ANCHORAGE - Operators of the trans-Alaska oil pipeline have severed their $225 million contract with Kanas Telecom Inc., claiming the company's fiber-optic cable is not reliable enough to run the 800-mile pipeline.
But Mike Williams, chief executive of Anchorage-based Kanas, says Alyeska Pipeline Service Co. is on ``dodgy legal ground'' and might not be able to just walk away.
And he said Alyeska officials have done everything but try to make the $80 million project a success.
Williams said Kanas' line will continue operating for other customers. He said he might countersue, but is still ``very open'' to returning to the bargaining table. Telecom giant MCI WorldCom is backing Kanas on a plan that would bring the cable on-line, an effort that could involve having Anchorage-based General Communication Inc. run the line, according to Williams.
Alyeska officials say they've heard from MCI, but aren't interested.
``MCI did not have a proposal of how to proceed, and we were disappointed about that,'' said Melphine Evans, Alyeska's chief financial officer.
The high-stakes dispute goes back to the mid-1990s, when Alyeska decided to update the communications system for the 800-mile pipeline from Prudhoe Bay to Valdez.
The current microwave communication system controls 62 remote-gate valves, which block sections of the line should there be a rupture. That system has sometimes failed since the pipeline was completed in 1977.
Alyeska wanted to replace it with a fiber-optic cable, which they hoped would be more reliable, plus offering expanded communications for other uses.
Kanas was formed to own and lay cable along the pipeline. The cable is also connected to Fairbanks and used by some GCI customers.
Kanas is owned by Nebraska-based Adesta Communications and three Alaska Native corporations: Arctic Slope Regional Corp., Ahtna Inc. and Chugach Alaska Corp.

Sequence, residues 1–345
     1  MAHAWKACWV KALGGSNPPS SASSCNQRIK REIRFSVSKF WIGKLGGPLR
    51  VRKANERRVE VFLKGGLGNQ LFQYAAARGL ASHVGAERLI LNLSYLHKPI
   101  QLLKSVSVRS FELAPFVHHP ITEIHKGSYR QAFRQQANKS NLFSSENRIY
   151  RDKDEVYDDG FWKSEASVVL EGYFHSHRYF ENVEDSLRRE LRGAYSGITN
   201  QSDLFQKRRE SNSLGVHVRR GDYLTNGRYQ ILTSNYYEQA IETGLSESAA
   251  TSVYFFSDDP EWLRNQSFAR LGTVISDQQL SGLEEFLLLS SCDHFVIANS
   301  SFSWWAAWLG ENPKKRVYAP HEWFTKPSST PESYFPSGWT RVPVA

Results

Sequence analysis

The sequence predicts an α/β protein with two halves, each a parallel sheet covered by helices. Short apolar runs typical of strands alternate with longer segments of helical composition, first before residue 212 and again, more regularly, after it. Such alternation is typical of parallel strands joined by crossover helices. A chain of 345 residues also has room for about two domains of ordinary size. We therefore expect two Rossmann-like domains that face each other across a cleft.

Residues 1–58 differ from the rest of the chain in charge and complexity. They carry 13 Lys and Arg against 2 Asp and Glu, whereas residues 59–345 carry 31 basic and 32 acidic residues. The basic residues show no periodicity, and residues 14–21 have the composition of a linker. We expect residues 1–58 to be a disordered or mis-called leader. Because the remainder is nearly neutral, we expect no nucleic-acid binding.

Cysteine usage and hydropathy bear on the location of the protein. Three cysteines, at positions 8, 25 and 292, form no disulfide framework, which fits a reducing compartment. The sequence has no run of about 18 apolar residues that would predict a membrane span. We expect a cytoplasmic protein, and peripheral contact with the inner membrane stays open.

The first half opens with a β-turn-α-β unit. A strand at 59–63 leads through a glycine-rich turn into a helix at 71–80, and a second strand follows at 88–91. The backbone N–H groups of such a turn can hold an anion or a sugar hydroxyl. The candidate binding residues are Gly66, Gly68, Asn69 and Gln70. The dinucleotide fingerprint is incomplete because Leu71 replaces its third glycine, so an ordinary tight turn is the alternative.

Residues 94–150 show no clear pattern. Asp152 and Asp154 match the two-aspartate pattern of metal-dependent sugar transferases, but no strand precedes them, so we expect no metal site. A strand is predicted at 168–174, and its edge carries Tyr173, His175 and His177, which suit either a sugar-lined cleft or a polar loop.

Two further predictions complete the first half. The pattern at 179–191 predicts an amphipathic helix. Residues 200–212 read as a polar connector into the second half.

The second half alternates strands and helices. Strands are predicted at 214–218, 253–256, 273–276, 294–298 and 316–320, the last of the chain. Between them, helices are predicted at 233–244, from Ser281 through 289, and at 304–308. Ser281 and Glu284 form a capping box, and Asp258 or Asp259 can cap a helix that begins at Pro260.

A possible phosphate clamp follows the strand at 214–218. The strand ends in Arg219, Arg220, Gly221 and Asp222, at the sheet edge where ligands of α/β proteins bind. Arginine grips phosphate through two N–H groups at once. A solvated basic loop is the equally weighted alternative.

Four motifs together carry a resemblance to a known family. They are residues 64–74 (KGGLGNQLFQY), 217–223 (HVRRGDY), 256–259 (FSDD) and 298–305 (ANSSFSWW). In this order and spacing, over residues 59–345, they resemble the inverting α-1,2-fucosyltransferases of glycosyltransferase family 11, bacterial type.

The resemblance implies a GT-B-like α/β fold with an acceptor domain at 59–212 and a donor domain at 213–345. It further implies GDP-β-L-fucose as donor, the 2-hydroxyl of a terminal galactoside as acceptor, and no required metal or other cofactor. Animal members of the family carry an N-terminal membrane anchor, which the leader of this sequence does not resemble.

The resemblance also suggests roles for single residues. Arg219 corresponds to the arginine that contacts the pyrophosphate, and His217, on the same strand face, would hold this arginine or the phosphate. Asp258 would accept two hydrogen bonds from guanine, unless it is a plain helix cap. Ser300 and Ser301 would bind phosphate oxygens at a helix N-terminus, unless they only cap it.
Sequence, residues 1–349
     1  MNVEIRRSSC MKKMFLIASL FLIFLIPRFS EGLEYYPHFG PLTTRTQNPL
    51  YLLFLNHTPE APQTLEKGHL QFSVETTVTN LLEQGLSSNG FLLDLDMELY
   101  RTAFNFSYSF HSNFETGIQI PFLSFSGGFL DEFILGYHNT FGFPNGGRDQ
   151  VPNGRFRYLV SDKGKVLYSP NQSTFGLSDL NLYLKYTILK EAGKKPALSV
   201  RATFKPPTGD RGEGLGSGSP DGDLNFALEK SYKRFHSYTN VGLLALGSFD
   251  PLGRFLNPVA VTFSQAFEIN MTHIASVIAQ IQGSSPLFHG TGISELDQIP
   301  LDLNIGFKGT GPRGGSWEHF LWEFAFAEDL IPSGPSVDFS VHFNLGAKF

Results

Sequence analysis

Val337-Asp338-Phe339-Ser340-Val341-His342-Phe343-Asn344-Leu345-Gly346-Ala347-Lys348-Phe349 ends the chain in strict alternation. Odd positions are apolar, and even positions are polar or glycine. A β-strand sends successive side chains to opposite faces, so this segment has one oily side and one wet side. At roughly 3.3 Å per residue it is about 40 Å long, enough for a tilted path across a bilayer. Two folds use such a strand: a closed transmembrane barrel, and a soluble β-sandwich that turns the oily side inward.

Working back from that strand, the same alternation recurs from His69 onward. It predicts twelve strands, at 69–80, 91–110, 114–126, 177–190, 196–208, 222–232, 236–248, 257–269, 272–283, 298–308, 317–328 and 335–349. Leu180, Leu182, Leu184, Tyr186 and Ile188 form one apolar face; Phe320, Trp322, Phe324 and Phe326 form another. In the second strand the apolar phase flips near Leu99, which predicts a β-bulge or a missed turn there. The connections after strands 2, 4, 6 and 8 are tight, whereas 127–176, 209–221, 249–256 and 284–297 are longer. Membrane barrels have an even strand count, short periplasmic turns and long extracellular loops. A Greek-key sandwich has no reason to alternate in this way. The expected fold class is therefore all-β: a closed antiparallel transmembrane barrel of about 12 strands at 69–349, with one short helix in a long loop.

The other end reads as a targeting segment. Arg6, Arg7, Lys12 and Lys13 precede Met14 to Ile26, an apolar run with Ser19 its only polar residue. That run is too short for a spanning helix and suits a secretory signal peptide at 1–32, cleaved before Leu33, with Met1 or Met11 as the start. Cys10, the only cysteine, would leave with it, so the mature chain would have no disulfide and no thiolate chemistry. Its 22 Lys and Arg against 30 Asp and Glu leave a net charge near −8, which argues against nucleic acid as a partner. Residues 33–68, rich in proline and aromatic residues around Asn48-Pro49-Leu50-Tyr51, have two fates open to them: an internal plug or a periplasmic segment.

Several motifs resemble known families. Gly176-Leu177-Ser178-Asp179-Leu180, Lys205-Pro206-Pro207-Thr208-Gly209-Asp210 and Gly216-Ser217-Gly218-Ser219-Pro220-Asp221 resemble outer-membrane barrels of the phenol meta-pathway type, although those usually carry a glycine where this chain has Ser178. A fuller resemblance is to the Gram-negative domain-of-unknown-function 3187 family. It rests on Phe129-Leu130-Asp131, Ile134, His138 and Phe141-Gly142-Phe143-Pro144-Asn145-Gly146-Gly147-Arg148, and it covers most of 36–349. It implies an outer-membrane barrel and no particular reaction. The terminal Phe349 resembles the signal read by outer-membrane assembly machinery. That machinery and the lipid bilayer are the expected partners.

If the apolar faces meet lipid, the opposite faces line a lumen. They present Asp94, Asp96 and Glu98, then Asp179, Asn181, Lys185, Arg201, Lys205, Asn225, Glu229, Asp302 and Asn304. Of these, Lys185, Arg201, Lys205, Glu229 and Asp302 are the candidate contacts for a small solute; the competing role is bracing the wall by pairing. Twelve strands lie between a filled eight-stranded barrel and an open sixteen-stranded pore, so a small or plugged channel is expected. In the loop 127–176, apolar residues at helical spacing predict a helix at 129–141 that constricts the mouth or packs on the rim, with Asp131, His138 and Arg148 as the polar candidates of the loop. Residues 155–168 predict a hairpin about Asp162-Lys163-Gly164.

Adesta built the cable and has operated it for Kanas. Under a 15-year contract, Alyeska was supposed to pay Kanas $1.3 million per month to use the cable.
But after it went into operation in 1998, Alyeska officials began voicing concerns about the line's reliability. While they're willing to use it for voice and data transmission, they've refused to transfer the valve controls to the new system.
Williams said Alyeska has been vague about its concerns.
But Evans said Kanas has had more than a year to bring the cable up to design standards.
``We have been a very patient customer, but we can't wait any longer,'' she said.
Williams is aware of two problems and said he has a $10 million plan in the works to fix them.
One is a design flaw revealed last December when an avalanche in Keystone Canyon slashed the cable.
The second problem is going to take time to fix, perhaps until November, he said. Kanas has found at least one case where water seeped into the line and damaged it during freezing and thawing.
Evans said Kanas submitted a plan to deal with the problems but didn't outline details.
Williams blames most of the problems on what he calls Adesta Communications' ``poor leadership and supervision.''
GCI spokesman David Morris said his company is talking to Kanas, but there's no agreement.
An Adesta spokeswoman said her company plans to state its position on the pipeline cable on Monday.
Adesta used to be owned by MCI but was sold to Able Telecom Corp. in 1998. Williams said MCI - which owns 20 percent of GCI - still holds the financial contract for the Kanas cable.